The Brand of Jazz

The issue of branding has increasingly become a driving force in everything we do both personally and professionally.  Just think of Facebook and how we brand ourselves through accumulating the most friends or associating ourselves with certain activities or groups, etc.  Facebook has become the quickest and most accessible form of personal brand recognition. I recently read branding expert Peter Arnell's book Shift: How To Reinvent Your Business, Your Career, and Your Personal Brand  in which he documents his struggle with weight loss and illustrates how he rebranded himself from unhealthy and overweight to healthy and fit, defying all odds.  As Arnell details his own process, he stresses the importance of rebranding ourselves to initiate change and how that can affect everything we do in life. Well executed branding can transform something that is all but forgotten into something amazingly successful and full of life.  In reading Arnell’s book, I couldn't help but think of jazz and how a major rebranding can make the music more accessible and relevant in our modern culture.

So what is the jazz brand of today? I’m sure a good many would say that jazz is dead, making the brand virtually nonexistent. Or maybe their best jazz association would be to a legend of the past like Louis Armstrong, Ella Fitzgerald, Miles Davis or John Coltrane. Granted, their contributions are immeasurable but that’s not what’s happening today. Some might argue that Esperanza Spalding is the face of today’s jazz, even though up until a month ago they had never heard of her. I seem to remember the same discussion regarding Norah Jones a few years back and I am not sure how much it has done to move the music forward. But I’d be willing to bet that if you asked most people on the street who they associate with jazz today, they would say either Kenny G or Wynton Marsalis. Cliche I know, but whether we care to admit it or not, they are probably the two most recognizable living artists in jazz. I’m not referring to either gentleman’s music but rather to their public persona as it is linked to the genre. Regardless of your opinion of either, the fact remains that each have achieved significant success and popularity and are most often associated with jazz by the public at large. Unfortunately, they couldn’t be more opposite. It’s either the smooth jazz guy or the guy on the side of tradition, leaving out everything in between. Perhaps what jazz needs today is a brand that is less polarizing and more on the side of being inclusive rather than exclusive to any one camp. So, what kind of “shift” is it going to take for the music that is best known for reinventing itself, to actually reinvent itself going forward?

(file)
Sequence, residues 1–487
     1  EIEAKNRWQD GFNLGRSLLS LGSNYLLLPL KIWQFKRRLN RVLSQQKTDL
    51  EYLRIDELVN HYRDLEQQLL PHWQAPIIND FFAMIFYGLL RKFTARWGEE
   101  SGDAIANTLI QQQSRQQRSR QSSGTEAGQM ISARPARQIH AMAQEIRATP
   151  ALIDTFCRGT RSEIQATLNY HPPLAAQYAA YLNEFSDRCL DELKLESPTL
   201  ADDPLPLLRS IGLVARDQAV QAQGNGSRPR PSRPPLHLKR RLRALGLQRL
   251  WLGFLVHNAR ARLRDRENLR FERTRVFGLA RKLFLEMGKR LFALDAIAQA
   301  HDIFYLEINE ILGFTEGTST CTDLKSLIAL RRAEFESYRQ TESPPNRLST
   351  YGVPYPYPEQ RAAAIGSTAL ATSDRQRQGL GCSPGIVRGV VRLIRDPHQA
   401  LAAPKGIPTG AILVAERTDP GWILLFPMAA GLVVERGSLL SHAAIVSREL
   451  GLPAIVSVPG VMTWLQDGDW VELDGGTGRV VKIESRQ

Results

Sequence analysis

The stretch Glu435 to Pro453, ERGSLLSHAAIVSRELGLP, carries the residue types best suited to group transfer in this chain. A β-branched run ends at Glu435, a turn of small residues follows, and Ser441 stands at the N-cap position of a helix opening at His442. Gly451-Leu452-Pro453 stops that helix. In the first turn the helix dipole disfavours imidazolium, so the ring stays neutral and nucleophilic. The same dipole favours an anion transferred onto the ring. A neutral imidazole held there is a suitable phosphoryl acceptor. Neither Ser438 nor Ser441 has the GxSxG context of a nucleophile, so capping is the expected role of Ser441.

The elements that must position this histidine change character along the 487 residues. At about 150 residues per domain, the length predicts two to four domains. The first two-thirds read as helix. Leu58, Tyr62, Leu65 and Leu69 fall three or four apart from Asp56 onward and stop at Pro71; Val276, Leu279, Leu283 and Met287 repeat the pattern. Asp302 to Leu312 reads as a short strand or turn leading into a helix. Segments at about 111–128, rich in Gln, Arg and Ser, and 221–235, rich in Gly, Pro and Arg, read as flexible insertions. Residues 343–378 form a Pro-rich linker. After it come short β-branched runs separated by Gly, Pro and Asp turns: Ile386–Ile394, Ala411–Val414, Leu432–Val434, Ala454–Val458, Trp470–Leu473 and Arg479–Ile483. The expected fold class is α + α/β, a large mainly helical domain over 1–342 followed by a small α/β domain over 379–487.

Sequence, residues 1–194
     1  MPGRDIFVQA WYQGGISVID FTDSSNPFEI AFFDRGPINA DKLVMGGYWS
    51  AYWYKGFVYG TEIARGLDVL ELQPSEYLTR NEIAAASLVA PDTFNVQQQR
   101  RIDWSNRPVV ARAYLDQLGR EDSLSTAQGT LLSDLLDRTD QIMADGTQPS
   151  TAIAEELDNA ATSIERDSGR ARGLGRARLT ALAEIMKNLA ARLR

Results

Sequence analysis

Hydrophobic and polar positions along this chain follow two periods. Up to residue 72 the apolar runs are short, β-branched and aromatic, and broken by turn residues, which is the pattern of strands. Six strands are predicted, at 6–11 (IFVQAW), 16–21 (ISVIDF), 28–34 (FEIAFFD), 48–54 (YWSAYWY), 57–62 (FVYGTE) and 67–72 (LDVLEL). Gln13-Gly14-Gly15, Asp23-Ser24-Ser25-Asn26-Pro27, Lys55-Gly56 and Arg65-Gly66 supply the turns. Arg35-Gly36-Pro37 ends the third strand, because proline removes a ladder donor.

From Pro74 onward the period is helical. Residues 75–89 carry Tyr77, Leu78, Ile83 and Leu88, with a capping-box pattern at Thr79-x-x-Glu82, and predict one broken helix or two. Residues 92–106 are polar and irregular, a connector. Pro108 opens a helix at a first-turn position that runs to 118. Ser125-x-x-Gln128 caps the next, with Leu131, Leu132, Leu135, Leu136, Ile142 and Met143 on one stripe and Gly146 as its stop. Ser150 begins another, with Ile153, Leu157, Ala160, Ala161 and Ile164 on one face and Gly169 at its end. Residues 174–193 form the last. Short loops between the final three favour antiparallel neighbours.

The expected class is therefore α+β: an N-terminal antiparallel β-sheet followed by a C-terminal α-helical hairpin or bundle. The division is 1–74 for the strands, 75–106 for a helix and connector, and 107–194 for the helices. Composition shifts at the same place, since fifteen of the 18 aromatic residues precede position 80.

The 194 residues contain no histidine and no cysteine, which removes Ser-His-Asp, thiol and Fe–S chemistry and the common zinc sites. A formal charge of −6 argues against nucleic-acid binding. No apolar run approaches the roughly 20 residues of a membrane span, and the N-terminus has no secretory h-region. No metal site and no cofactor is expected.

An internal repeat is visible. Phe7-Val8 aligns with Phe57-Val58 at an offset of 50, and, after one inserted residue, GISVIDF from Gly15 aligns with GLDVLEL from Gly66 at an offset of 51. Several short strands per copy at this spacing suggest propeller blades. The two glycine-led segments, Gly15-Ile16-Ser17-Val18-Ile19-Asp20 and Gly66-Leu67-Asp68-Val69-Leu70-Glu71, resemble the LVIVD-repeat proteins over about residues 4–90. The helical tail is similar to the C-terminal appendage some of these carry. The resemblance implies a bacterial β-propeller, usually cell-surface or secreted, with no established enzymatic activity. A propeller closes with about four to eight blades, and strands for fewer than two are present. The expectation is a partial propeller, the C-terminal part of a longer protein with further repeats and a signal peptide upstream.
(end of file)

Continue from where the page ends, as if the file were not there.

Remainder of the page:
For the record, I have not met or worked with either Kenny or Wynton, nor am I attacking or endorsing their contributions. This is less about the validity of their music and more about understanding the image and attitude they project in the overall branding of themselves and how that relates to jazz. What can we learn from their success in defining a new and modern jazz brand? My interest is not in criticizing or complaining, but as a concerned jazz professional and a person of action, I want to be part of the solution and discussion of what it’s going to take to breathe some new life into this music and its brand. Is jazz all but forgotten or is a new image necessary or even possible?

I have invited Kenny, Wynton, Esperanza as well as branding guru Peter Arnell to weigh in on the topic. I’d like to hear their thoughts on the brand of jazz today. So as a part of this ongoing query, I have sent requests to each of them asking a few questions about their brand and jazz and what it all means or doesn’t and I will present their responses in a follow up blog. In the meantime, I would love to hear what you have to say.

- Joseph Vella, jazzonline.com

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Joseph Vella